BACKGROUND OF THE INVENTION

A surgical microscope of the kind described above is known from U.S. Pat. No. 5,795,295. Here, a surgical microscope is described having a microscope main objective through which a stereoscopic viewing beam path passes. A zoom system for variable magnification is assigned to the microscope main objective. The surgical microscope contains an OCT-system. This OCT-system includes a component assembly for generating an OCT-scanning beam of short coherent laser radiation and further includes an analyzer unit for evaluating interference signals. A unit for scanning the OCT-scanning beam is assigned to this component assembly. The unit for scanning contains two scan mirrors, which can be displaced about two movement axes, in order to scan a surgical region with the OCT-scanning beam. In the surgical microscope in U.S. Pat. No. 5,795,295, the OCT-scanning beam is coupled into the illuminating beam path of the surgical microscope via a divider mirror and, with this illuminating beam path, the OCT-scanning beam is directed through the microscope main objective.

A non-invasive examination and measurement of the structures within a biological tissue are made possible by the method of the optical coherence tomography (OCT). As an image providing process, the optical coherence tomography permits especially section images or volume images of biological tissue to be generated with micrometer resolution. A corresponding OCT-system includes a source for time-dependent incoherent and spatially coherent light having a specific coherence length which is guided to a specimen beam path and a reference beam path. The specimen beam path is directed onto the tissue to be examined. Laser radiation, which is radiated back into the specimen beam path because of scatter centers in the tissue, superposes the OCT-system with laser radiation from the reference beam path. An interference signal develops because of the superposition. The position of the scatter centers for the laser radiation in the examined tissue can be determined from this interference signal.

For OCT-systems, the building principles of the “time-domain OCT” and of the “Fourier-domain OCT” are known.

The configuration of a “time-domain OCT” is described, for example, in U.S. Pat. No. 5,321,501 with reference to FIG. 1a at column 5, line 40, to column 11, line 10. In a system of this kind, the optical path length of the reference beam path is continuously varied via a rapidly moving reference mirror. The light from specimen beam path and reference beam path is superposed on a photo detector. When the optical path lengths of the specimen and reference beam paths are coincident, then an interference signal is provided on the photo detector.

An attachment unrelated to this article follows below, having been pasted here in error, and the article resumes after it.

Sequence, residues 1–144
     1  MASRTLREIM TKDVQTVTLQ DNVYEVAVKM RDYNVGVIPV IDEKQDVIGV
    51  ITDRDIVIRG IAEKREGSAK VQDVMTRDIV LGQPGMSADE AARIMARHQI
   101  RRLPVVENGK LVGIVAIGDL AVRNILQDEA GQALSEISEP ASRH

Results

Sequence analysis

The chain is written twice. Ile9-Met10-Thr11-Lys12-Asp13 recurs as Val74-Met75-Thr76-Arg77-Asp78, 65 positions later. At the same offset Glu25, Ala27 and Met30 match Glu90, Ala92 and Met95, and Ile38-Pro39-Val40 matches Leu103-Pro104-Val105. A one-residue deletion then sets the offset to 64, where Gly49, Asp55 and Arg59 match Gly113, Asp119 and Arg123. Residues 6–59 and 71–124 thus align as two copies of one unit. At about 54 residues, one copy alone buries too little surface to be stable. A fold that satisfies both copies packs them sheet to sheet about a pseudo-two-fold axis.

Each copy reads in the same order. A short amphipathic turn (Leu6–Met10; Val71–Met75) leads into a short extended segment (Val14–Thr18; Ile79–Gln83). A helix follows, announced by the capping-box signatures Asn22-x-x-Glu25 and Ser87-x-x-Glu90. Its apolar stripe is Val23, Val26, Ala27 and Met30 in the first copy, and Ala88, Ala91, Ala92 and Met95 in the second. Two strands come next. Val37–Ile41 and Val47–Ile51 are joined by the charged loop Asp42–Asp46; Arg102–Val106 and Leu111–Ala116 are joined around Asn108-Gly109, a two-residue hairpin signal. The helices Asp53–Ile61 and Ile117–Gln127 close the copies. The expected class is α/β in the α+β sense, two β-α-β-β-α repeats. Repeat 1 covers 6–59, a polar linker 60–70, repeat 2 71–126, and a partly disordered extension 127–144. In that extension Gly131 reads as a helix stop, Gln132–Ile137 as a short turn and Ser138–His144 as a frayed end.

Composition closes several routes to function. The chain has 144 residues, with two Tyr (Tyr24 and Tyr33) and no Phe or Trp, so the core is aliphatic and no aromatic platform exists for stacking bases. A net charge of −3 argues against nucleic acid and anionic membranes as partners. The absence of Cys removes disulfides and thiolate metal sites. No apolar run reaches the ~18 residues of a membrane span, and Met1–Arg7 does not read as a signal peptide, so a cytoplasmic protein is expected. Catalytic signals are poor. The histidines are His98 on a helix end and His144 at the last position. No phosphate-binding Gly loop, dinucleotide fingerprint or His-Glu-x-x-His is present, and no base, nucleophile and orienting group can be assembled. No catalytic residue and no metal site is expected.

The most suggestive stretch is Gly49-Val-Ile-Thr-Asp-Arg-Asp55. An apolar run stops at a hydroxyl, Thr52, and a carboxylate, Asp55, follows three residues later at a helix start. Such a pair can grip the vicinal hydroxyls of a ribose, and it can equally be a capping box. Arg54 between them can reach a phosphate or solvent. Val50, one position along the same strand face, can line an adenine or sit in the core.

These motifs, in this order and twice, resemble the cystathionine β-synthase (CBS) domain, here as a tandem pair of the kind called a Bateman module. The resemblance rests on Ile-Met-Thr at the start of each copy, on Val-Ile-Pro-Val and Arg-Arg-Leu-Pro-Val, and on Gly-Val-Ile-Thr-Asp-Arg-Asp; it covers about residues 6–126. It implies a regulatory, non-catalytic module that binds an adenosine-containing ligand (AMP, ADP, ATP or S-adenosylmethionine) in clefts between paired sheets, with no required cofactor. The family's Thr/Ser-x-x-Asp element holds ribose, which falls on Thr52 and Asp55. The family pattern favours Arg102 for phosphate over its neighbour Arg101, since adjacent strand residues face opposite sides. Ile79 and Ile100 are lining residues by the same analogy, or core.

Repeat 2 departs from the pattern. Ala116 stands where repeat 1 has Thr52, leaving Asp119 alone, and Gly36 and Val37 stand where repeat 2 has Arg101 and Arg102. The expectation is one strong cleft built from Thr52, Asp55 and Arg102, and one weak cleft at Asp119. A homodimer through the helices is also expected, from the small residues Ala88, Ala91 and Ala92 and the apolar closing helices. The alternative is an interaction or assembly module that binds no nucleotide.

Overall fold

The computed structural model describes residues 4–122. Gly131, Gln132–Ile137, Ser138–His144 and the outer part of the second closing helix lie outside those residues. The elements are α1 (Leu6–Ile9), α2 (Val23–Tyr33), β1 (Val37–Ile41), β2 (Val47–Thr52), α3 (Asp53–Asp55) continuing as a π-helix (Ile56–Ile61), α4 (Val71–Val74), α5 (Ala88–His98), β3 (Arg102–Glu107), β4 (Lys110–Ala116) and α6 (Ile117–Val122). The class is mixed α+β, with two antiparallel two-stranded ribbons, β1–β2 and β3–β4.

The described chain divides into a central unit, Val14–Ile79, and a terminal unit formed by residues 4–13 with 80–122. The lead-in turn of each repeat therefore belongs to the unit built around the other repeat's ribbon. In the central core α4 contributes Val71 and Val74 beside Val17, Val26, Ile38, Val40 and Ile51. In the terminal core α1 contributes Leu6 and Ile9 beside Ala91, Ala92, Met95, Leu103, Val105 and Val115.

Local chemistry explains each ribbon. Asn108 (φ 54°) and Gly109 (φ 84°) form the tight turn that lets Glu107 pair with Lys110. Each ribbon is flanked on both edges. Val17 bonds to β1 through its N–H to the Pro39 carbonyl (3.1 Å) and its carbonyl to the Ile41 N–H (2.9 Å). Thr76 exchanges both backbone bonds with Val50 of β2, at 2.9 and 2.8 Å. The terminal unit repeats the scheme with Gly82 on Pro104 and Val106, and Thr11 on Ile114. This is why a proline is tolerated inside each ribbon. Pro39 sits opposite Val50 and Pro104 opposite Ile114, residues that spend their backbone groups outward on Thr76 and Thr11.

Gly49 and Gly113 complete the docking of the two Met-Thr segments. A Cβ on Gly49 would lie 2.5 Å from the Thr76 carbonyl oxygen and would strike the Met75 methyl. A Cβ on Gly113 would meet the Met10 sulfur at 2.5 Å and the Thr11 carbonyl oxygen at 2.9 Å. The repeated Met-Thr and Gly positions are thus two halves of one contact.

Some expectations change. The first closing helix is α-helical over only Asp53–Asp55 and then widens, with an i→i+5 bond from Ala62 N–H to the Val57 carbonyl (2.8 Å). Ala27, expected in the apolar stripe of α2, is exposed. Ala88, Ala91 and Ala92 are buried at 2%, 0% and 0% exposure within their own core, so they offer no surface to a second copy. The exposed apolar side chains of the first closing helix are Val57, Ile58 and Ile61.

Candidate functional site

A “Fourier-domain OCT” is, for example, described in international patent publication WO 2006/100544 A1. To measure the optical path length of a specimen beam path, light from the specimen beam path is superposed onto light from a reference beam path. In contrast to the time-domain OCT, the light from the specimen beam path and reference beam path is not supplied directly to a detector for a measurement of the optical path length of the specimen beam path but is first spectrally dispersed by means of a spectrometer. The spectral intensity of the superposed signal generated in this manner from specimen beam path and reference beam path is then detected by a detector. By evaluating the detector signal, the optical path length of the specimen beam path can be determined.

U.S. patent publication US 2002/118449 A1 discloses a surgical microscope which permits a viewing person to examine a surgical region with a stereoscopic viewing beam path by looking into an ocular. The surgical microscope contains a unit for reflecting in data with a display and a beam splitter configured as a divider cube. This beam splitter is mounted in the base body of the surgical microscope in the parallel viewing beam path between the microscope main objective and the ocular. The beam splitter superposes a display image onto the parallel viewing beam in the surgical microscope. The display image is imaged at infinity with a display optic.

SUMMARY OF THE INVENTION

It is an object of the invention to provide a compactly configured surgical microscope having variable magnification wherein the detection of depth images of an object region is possible with an OCT-scanning beam path. The course of the OCT-scanning beam corresponds to the course of the optical viewing beam in the surgical microscope which effects a magnified image of the object region in the ocular for a viewing person. In the object region, the cross section of the OCT-scanning beam adapts to the selected magnification.

The surgical microscope of the invention is for defining a viewing beam path and includes: an imaging optic assembly mounted so as to permit the viewing beam path to pass therethrough permitting examination of a region of an object; the imaging optic assembly including a microscope main objective assembly mounted so as to permit the viewing beam path to pass therethrough; the imaging optic assembly, further including a magnification assembly having a variable magnification and being mounted in the viewing beam path upstream of the microscope main objective assembly; the imaging optic assembly being adapted to transpose a convergent viewing beam from the object region into a viewing beam having parallel rays; an OCT-system for examining the object region; and, the OCT-system providing an OCT-scanning beam guided through the imaging optic assembly.

In this way, it is ensured, especially for an uneven object region, that the optical viewing beam and the OCT-scanning beam cover identical zones of the object region. In this way, by means of the OCT-scanning beam, precisely the viewing image can be scanned which is present for the viewing person in the ocular. Depth sections of the object region are detected which are based on the OCT-scanning beam.